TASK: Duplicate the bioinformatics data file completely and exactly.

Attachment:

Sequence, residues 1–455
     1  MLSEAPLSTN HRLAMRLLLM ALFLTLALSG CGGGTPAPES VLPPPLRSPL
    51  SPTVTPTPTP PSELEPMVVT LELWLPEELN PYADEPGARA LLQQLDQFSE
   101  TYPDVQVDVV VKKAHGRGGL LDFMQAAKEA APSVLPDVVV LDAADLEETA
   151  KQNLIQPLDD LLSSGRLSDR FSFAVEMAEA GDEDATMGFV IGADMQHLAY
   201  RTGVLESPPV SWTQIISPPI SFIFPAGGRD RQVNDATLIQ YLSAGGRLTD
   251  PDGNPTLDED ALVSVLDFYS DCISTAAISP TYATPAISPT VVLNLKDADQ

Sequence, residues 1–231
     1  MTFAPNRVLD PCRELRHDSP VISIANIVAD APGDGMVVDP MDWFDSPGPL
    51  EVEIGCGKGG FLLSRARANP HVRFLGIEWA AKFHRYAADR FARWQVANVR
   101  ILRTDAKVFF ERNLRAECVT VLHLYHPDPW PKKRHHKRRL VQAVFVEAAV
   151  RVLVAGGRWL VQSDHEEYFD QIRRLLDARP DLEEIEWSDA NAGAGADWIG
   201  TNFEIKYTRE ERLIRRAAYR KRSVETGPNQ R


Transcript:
Sequence, residues 1–455
     1  MLSEAPLSTN HRLAMRLLLM ALFLTLALSG CGGGTPAPES VLPPPLRSPL
    51  SPTVTPTPTP PSELEPMVVT LELWLPEELN PYADEPGARA LLQQLDQFSE
   101  TYPDVQVDVV VKKAHGRGGL LDFMQAAKEA APSVLPDVVV LDAADLEETA
   151  KQNLIQPLDD LLSSGRLSDR FSFAVEMAEA GDEDATMGFV IGADMQHLAY
   201  RTGVLESPPV SWTQIISPPI SFIFPAGGRD RQVNDATLIQ YLSAGGRLTD
   251  PDGNPTLDED ALVSVLDFYS DCISTAAISP TYATPAISPT VVLNLKDADQ

Sequence, residues 1–231
     1  MTFAPNRVLD PCRELRHDSP VISIANIVAD APGDGMVVDP MDWFDSPGPL
    51  EVEIGCGKGG FLLSRARANP HVRFLGIEWA AKFHRYAADR FARWQVANVR
   101  ILRTDAKVFF ERNLRAECVT VLHLYHPDPW PKKRHHKRRL VQAVFVEAAV
   151  RVLVAGGRWL VQSDHEEYFD QIRRLLDARP DLEEIEWSDA NAGAGADWIG
   201  TNFEIKYTRE ERLIRRAAYR KRSVETGPNQ R